Trees and Construction
Occasionally we get calls from customers who are excited about a new house, pool, shed, or fence that was just built, and want the advice of an arborist on the trees in their landscape. Consequently, construction can take a huge toll on trees in a landscape. In this month’s blog, we will be discussing the effects construction can have on existing trees and what can be done to protect them.
Construction can greatly impact the health and vigor of a tree. One of the biggest concerns for a tree during construction is compaction of the soil. Many times, large trucks and equipment are driven over the root zone and compact the soil, which causes loss of pore space for air and water to reach the roots. Soil from the construction area may also be pushed on top of the tree’s root zone, causing the tree to be planted too deeply.
People often don’t realize that a tree’s roots will grow 2-3 times past the drip line of the canopy. Another concern is that when utilities and pipes are placed underground, a tree’s roots might be severed, which can greatly reduce necessary nutrient and water intake.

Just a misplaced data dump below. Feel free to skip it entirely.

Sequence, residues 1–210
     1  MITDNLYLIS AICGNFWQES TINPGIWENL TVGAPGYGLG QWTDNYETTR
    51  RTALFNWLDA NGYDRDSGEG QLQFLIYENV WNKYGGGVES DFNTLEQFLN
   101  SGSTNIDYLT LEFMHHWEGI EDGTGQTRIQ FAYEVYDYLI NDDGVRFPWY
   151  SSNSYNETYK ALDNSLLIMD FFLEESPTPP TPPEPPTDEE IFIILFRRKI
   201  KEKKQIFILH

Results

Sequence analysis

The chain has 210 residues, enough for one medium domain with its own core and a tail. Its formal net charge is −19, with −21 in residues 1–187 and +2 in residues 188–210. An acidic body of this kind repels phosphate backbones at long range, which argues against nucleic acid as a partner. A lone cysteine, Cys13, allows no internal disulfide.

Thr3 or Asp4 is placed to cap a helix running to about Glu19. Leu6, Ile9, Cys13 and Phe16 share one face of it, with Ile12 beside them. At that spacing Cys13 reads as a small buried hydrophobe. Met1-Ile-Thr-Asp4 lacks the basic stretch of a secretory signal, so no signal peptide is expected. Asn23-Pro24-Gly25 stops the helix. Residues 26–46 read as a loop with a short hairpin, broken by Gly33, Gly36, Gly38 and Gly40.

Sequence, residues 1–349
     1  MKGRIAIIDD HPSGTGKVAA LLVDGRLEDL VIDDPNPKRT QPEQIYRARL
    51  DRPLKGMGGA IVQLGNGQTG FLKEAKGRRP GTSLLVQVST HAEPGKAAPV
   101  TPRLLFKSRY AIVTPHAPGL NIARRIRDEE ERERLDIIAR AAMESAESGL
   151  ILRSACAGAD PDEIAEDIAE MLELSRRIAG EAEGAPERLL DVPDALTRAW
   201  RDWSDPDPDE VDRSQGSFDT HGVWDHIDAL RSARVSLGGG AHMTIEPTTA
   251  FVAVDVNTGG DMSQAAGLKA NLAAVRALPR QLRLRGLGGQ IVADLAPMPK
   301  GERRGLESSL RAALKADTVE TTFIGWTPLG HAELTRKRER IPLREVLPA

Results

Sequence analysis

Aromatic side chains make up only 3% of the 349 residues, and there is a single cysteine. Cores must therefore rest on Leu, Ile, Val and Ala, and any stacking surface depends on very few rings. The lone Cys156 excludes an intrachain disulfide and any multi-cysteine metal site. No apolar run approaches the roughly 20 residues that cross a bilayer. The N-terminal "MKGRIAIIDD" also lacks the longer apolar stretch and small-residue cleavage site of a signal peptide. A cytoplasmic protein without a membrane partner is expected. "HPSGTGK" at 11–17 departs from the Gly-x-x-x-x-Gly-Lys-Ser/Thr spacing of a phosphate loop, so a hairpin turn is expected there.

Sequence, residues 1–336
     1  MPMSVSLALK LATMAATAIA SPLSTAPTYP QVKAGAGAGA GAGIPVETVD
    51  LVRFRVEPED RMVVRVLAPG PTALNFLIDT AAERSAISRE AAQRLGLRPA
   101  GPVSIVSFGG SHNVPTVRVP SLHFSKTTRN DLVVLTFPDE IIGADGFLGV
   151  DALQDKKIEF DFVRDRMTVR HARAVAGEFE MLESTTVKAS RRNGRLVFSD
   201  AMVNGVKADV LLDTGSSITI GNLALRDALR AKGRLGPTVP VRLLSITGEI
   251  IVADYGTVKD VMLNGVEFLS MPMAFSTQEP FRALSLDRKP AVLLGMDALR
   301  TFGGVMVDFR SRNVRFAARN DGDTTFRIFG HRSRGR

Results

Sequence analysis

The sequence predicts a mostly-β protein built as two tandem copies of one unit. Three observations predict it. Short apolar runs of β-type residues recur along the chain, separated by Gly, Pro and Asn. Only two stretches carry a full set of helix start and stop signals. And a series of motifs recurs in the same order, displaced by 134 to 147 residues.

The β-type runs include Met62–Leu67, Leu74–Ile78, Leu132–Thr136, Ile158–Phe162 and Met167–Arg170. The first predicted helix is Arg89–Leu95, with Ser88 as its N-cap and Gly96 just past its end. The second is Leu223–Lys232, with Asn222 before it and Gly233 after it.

While construction equipment enters and exits the work site, there is also a concern of mechanical damage to the trunk, roots, and branches which can take years to fully seal closed. Another worry is that some trees may be removed while others are left behind. Trees that have grown in an environment surrounded by other trees have adapted to the protection of the elements. When their neighbor trees are suddenly removed, this leaves the remaining trees vulnerable to the wind, sun, and frost.
The effects of construction damages can cause a tree to decline slowly over several years. The weakening of the tree can cause insect and disease problems, resulting in a spiral of decline. The ultimate cause of death for trees that have construction damage is usually blamed on other factors, due to the fact that death from construction can take more than ten years.
The best thing you can do for your trees is hiring an arborist to be in the process before construction begins. An arborist can help you assess which trees are healthy and vigorous enough to keep and how to keep construction damage away from them. After construction is finished, it is important to get your trees on a routine pruning and inspection plan. Trees should be pruned every 2-3 years and annual inspections will ensure your trees are safe from pest and disease problems.
If you have a new construction project coming up, give your certified arborist a call to determine how you can better protect your trees in the process.